High-Power, Low-Frequency, Textured PMN-PT Underwater Projector
Navy SBIR FY2018.1


Sol No.: Navy SBIR FY2018.1
Topic No.: N181-020
Topic Title: High-Power, Low-Frequency, Textured PMN-PT Underwater Projector
Proposal No.: N181-020-0837
Firm: QorTek, Inc.
1965 Lycoming Creek Road
Suite 205
Williamsport, Pennsylvania 17701
Contact: Stephen Dynan
Phone: (570) 322-2700
Web Site: http://www.qortek.com
Abstract: QorTek/USSI?Ts proposal for Navy SBIR Topic N181-020 High Power, Low Frequency Textured PMN-PT Underwater Projector will focus is a new Hybrid Cymbal Transducer (HCT) design functioning in a new large form factor that is form-fit capable of being air-deployed in an A-Size Sonobuoy size. The central objective of the program is to demonstrate the underwater performance of the new optimized HCT design incorporating the latest in advanced textured PMN-PT materials as a direct replacement for traditional PZT builds. In particular, it will be demonstrated at both model and hardware level that HCT design is effective over low frequency range where it provides a minimum improvement of 10dB in SPL acoustic energy output over legacy designs.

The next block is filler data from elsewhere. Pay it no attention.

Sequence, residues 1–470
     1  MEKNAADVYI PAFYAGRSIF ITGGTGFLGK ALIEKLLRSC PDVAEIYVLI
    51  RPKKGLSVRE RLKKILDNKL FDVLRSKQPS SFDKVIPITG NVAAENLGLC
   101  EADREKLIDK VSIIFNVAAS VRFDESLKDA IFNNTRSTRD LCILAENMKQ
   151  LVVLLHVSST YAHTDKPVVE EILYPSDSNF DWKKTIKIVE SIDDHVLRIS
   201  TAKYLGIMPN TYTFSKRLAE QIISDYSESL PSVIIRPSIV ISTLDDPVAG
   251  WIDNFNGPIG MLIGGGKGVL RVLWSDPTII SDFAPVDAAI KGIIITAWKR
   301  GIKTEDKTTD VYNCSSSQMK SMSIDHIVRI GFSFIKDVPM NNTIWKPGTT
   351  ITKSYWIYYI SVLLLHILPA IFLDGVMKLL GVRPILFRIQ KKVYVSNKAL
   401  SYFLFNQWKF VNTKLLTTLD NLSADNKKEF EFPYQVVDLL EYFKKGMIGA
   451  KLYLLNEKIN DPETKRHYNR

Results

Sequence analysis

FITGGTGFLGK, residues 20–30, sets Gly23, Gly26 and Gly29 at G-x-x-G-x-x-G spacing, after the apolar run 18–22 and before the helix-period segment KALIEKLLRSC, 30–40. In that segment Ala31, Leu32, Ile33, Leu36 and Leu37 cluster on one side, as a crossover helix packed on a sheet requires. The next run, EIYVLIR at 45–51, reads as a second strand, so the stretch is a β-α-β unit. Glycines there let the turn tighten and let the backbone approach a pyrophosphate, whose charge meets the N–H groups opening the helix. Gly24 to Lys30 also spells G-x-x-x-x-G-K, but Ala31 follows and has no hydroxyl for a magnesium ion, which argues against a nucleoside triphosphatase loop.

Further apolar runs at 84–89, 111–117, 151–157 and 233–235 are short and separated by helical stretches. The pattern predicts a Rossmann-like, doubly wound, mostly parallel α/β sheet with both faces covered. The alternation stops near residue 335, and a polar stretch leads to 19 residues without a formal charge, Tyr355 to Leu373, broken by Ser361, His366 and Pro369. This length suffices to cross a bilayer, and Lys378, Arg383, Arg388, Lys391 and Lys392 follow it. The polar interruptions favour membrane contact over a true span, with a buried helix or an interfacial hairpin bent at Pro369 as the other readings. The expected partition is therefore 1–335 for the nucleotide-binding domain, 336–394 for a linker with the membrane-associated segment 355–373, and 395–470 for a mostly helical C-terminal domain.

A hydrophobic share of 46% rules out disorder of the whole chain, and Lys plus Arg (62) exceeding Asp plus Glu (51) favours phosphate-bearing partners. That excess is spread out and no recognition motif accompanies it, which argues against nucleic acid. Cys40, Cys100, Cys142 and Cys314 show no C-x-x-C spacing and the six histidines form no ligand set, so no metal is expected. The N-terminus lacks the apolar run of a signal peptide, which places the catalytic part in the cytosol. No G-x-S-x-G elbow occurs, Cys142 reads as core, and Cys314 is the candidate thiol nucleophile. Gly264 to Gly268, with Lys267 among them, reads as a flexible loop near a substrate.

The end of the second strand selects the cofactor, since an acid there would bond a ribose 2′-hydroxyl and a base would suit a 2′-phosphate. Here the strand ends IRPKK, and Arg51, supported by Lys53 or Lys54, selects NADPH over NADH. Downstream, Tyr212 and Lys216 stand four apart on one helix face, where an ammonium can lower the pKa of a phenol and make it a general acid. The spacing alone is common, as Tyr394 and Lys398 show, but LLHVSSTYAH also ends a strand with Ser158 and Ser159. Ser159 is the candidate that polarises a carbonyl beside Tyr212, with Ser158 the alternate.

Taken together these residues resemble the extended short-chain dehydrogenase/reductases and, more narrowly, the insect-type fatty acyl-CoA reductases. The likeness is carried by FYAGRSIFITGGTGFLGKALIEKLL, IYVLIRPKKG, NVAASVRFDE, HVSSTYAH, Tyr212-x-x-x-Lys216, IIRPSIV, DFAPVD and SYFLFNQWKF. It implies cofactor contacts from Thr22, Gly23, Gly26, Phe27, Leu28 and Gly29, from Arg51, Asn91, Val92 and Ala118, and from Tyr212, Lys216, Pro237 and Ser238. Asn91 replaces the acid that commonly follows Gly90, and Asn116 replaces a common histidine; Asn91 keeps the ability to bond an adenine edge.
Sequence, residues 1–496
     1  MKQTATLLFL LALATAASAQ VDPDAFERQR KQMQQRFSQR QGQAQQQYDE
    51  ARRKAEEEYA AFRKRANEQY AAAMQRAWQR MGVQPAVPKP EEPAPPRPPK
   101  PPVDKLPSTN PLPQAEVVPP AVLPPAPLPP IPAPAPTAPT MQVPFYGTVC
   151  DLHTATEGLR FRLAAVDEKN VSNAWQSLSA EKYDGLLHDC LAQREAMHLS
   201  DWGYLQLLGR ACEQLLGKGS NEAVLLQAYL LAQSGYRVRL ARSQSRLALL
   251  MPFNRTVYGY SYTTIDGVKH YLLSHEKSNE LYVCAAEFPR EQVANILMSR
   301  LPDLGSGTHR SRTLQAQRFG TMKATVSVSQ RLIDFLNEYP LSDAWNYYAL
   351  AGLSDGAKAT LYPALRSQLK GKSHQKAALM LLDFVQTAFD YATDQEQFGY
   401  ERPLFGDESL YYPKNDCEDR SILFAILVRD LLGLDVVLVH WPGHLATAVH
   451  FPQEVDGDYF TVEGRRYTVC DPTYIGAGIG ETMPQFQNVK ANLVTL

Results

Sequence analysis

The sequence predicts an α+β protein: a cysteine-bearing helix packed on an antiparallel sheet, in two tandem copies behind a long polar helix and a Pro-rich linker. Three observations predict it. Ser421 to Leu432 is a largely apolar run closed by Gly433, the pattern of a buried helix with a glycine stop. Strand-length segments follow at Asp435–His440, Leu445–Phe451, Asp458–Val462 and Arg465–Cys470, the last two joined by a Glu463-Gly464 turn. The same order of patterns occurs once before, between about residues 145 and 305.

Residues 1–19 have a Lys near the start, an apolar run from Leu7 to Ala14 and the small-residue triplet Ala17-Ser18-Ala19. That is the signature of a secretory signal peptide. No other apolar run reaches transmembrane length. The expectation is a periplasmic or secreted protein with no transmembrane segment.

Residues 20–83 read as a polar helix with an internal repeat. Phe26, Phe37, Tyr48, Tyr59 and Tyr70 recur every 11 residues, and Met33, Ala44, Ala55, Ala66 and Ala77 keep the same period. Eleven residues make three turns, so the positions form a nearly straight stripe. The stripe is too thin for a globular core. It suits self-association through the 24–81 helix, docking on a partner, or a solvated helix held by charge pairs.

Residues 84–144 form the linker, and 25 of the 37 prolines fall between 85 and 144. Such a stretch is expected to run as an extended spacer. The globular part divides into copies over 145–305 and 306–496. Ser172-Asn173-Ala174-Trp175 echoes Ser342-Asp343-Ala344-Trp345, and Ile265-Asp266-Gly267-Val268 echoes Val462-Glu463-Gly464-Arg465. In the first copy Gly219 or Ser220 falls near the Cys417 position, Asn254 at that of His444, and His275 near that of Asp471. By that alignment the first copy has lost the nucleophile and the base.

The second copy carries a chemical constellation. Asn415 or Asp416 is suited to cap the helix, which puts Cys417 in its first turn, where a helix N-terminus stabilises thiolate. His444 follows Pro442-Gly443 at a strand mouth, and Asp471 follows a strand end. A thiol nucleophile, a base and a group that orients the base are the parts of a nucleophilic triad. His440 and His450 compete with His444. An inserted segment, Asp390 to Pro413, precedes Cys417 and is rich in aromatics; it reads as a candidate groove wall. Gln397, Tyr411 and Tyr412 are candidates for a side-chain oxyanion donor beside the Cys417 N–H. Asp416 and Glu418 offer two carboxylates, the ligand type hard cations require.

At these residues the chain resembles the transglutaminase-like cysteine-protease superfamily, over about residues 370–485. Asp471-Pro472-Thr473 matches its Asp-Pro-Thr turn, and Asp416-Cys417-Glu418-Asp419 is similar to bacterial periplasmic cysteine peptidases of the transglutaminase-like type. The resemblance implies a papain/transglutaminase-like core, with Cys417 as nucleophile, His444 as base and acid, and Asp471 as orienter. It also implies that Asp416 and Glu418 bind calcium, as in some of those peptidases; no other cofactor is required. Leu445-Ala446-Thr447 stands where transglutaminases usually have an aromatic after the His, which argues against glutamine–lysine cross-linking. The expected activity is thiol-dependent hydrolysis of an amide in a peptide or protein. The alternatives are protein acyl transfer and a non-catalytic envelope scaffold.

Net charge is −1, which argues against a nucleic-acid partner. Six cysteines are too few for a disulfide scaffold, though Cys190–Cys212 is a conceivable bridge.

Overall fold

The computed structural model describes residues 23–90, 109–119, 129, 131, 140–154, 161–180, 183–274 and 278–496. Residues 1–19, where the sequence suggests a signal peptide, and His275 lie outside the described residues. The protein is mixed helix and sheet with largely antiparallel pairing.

Benefits: The Phase I Program will demonstrate a high power, low frequency, underwater projector incorporating developments in advanced textured PMN-PT ceramics. This demonstration will confirm the increased power output of at least 10dB without significant cost increase. This increase in performance will confirm the transducer operation at high stress and field limits while maintaining a compact form factor. The demonstrated improvements in source level and bandwidth will significantly improve the performance in terms of target detection and extended detection ranges. This projector will be capable of generating high acoustic power while exhibiting broad bandwidth (500 ?" 2000 Hz) and can also be capable of integration into an A-sized air-deployable sensor. The results from this Phase I will provide the foundational baseline to enable prototyping of production size optimized Cymbal-based transducer design in the Phase II program. These efforts will provide the confidence and baseline for continued investment and scale-up for the full transition to Naval Systems.

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